For 2017, instead of previewing conferences division-by-division, I decided to preview the 64 Power Five teams individually, so I ranked them and counted down from the bottom.
I created a ranking system based heavily off of Bill Connelly’s S&P+ rankings: half of the ranking comes from the S&P rankings from the past five seasons among Power Five teams (1/3 of that number is 2016’s ranking; 1/3 is the average from 2014-2016, 1/3 is the average from 2012-2016); half comes from two component parts of his 2017 S&P+ projections, weighed evenly – recruiting impact and returning production – and ranked 1 through 64. The ranking itself skews towards emphasizing where the teams were according the 2016 S&P+ and there’s no subjectivity involved. I think it serves as a decent way to sequence these previews.
Previously: #64 Purdue, #63 Rutgers, #62 Kansas, #61 Illinois, #60 Boston College, #59 Virginia, #58 Vanderbilt, #57 Syracuse. #56 Maryland, #55 Arizona, #54 Wake Forest, #53 Duke, #52 Iowa State, #51 Texas Tech, #50 Missouri, #49 Oregon State. #48 Arizona State, #47 Cal, #46 Indiana, #45 Kentucky, #44 West Virginia, #43 South Carolina, #42 Washington State, #41 Northwestern.
(I didn’t include Notre Dame)
#4 Big Ten West, #8 Big Ten
9-4 (5-4) in 2016
It’s impossible to talk about Minnesota football without talking about how Tracy Claeys got fired after just one season as the head coach: he supported a player boycott in response to an investigation into appalling sexual assault allegations against members of the football team. The players wound up playing in the Holiday Bowl after threatening to sit it out; Claeys was fired after the New Year; some of the accused were expelled, some suspended, and some cleared.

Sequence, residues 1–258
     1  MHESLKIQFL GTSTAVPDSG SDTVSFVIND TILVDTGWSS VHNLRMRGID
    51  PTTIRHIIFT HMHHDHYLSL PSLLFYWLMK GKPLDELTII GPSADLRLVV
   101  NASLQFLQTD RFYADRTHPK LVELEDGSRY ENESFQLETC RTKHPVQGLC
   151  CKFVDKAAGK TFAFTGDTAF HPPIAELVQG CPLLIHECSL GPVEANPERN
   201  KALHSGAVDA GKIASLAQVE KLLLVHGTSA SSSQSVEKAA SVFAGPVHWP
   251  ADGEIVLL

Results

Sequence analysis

PJ Fleck becomes the Gophers’ third head coach in three seasons – and it was a coup for the program to get a coaching prospect of his caliber who had been mentioned in connection with better jobs. Fleck and his energetic persona brought Western Michigan to unprecedented heights: the Broncos had an undefeated regular season in his fourth year in Kalamazoo and made the Cotton Bowl, built by a talent advantage he created by outrecruiting the rest of the MAC by a sizable margin.
He brought his offensive coordinator Kirk Ciarrocca, and while the Gophers will be moving to more of a spread attack, they’ll still be running the ball a ton: RBs Rodney Smith and Shannon Brooks totaled 378 carries a season ago and WMU ran the ball often with zone blocking schemes with Fleck and Ciarrocca in charge, setting up favorable coverages for their All-American WR Corey Davis. Minnesota will be choosing from a number of unproven quarterbacks and their only credible WR from last season is gone. If former Ohio State OL coach Ed Warinner works his magic with a cast of inexperienced if uninspiring linemen, Smith and Brooks will be leaned on all the more heavily. Minnesota does have one of the best kickers in the country in Emmitt Carpenter.
Minnesota got to a 9-4 record last season because of its defense – they won the scandal-marred bowl game over Washington State 17-12 in stereotypical Big Ten fashion. They have Steven Richardson back, a disruptive interior linemen who had seven sacks a season ago – potentially one of the best players in the Big Ten. Additionally, LBs Jonathan Celestin and Cody Poock as well as safeties Duke McGhee and Antoine Winfield Jr. make those above-average position groups. There are some holes though: cornerback is very unsettled and the defensive line outside of Richardson looks to be rather mediocre. If the defense can replicate what they did in 2016, Minnesota could challenge for the Big Ten West – but attrition makes that unlikely.